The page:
But the real legacy from Appleton’s spell at Oxford is the players he managed to train, develop and sell on, helping the club recoup some huge fees in the process. Whether we like it or not, it’s no secret that will be Blackpool’s approach in the coming years.

Kemar Roofe to Leeds United for a rumoured £3m fee was the most eye-catching sale, while Callum O’Dowda was also sold to Bristol City for around £1.25m.

Players like John Lundstram, Ryan Ledson, Joe Rothwell, Marvin Johnson and Chey Dunkey, players brought in during Appleton’s reign, were moved on for fees after he left.

If Blackpool are going to remain competitive in the Championship in what is a sea of sharks, they’re going to have to replicate that model in order to compete with the big boys.

Due to the initial lack of enthusiasm for Appleton’s return, it’s imperative the Seasiders lay down a marker and announce some exciting signings in the coming days and weeks ahead. I understand that’s certainly the club’s intention.

As for Appleton’s backroom staff, nothing has been confirmed yet but I expect there to be a further announcement in the coming days.

David Kerslake and Richard O'Donnell, two men who worked with Appleton during his time at Lincoln, left Sincil Bank last week.

However, Mike Garrity and Iain Brunskill remain at Bloomfield Road and, as it currently stands, are due to be present on Monday when Appleton meets the players for the first time on the opening day of pre-season.

I gather Monday and Tuesday will mainly consist of fitness work and sessions in the gym, while the ‘real’ stuff back on the grass (to steal one of Critchley’s well-worn phrases) is likely to kick-off on Thursday.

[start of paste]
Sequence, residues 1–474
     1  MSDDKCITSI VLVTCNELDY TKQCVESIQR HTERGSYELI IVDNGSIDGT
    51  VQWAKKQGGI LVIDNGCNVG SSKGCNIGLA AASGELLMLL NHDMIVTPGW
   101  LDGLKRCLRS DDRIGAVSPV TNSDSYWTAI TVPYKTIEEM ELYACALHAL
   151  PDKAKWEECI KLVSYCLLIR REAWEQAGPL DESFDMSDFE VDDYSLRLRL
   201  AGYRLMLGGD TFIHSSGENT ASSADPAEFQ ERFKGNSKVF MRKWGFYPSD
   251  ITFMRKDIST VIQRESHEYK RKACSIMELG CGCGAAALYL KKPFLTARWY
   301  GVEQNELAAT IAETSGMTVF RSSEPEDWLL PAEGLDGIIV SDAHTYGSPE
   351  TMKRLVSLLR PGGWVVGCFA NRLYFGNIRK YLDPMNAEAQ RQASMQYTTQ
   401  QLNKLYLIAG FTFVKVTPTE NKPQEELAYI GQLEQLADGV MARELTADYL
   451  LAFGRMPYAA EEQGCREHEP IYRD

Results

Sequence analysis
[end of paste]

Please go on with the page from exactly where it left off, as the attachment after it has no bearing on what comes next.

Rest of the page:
While only two friendlies have so far been confirmed, the trips to Southport and Salford City, there’s some exciting games which will be added to the calendar soon.

Going back to Appleton, I’ve seen similarities being drawn with Simon Grayson’s appointment, the first of Sadler’s custodianship back in 2019, given it’s the return of another former manager. That’s a bit of a lazy narrative though and besides, Grayson and Appleton are two very different managers and are at very different points in their careers.

And again, despite what some might think, the respective styles are chalk and cheese. Appleton’s football during his initial 11-game stint might not have set the world alight but you have to remember his side were playing on a quagmire of a pitch at that moment in time. That certainly won’t be a concern on this occasion.

If you want a true reflection of his style, you’re better off looking at his time with Oxford and Lincoln.

As for the length of Appleton’s contract, a four-year deal might seem a tad excessive but I wouldn’t be overly worried. The club will have inserted certain clauses into the contract to protect themselves should the worst happen. But let’s hope it never gets to that stage!

To be honest, I’m just glad the search for a new number one is over, because it’s always a messy process.

The club does things by the book nowadays and opt to remain quiet until there’s something to announce, which inevitably leaves a vacuum for other voices to fill the void.

For a start, chief executive Ben Mansford has already gone on record stating the budget is likely to increase next season, something backed up by Sadler in his statement.

As for a supposed issue with the training ground, that makes no sense whatsoever given the club have just announced major plans for a new state-of-the-art facility.

As for the current base at Squires Gate, it’s understood the club are forking out in the region of £300,000 to make further improvements this summer to ensure the facility is as welcoming as possible for Appleton and his players.

Sadler continues to put his money where his mouth is, while making decisions - whether people might agree with them or not - that are clearly in the best interests of the club. It’s now up to us to get behind the new man.